Local school district to launch “American History 2.0” initiative


MARIANNA, Fla. (WMBB)–The Jackson County School District is working hard to launch a new teaching initiative aimed at incorporating the contributions of African American’s into the classrooms year-round, not just during February. The new curriculum is called “American History 2.0”.​

Byron Dickens has been working with Superintendent Larry Moore and the Commissioner of Educations African American History Task Force to bring the project to fruition.​

“It’s to integrate African American history in our schools’ curriculum, in our social studies, and our American history as a focal point,” said Dickens, the Founder/President of Emancipation’s Day Festival of Northwest Florida.

Overtime, Dickens has noticed a disconnect between what children are being taught versus the area’s history.​

“We say things like ‘land of the free, home of the brave’, well what does that mean? And where does it come from?” Dickens asks.

The African American History Task Force is responsible for overseeing the curriculum.

“If we’re serious about being the best state in education, then we are gonna have to be inclusive of all children,” said Donna Austin, a member of the Task Force.

Rather than only learn about African American history during February, students would learn about it concurrently with their other coursework.​ Both Dickens and Austin expect a smooth transition for teachers.​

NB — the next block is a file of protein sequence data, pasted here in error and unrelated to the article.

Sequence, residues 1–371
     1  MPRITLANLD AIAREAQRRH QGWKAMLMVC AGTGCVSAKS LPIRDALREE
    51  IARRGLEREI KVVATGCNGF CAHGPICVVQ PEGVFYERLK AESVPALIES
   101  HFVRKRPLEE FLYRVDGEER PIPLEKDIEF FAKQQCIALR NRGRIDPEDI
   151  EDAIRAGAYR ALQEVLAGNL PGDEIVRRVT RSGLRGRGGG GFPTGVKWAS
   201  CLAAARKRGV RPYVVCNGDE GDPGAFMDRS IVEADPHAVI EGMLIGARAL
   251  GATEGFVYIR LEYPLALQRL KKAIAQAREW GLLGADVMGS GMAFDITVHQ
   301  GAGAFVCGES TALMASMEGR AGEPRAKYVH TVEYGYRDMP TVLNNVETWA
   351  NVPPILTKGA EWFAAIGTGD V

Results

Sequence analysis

​“If we’re talking about Thomas Edison’s invention of the lightbulb, to simply include Lewis Latimer’s invention of the filament,” Dickens said.

Taking this approach to teaching African American history is new for the Panhandle.​

“This is something that’s brand new when you’re talking about the Northwest Florida region, the Panhandle region, so we have the potential to be the tip of the spear,” Dickens said.

Dickens says his goal is for the taskforce to recognize Jackson County as an Exemplary District.

The next step is to identify the teachers and administrators who will be implementing the new coursework. They will be able to attend the Commissioner of Educations African American History Task Force Workshop and then use their new knowledge to train their colleagues.

If all goes according to plan, they hope to introduce the curriculum in 2021 or 2022.

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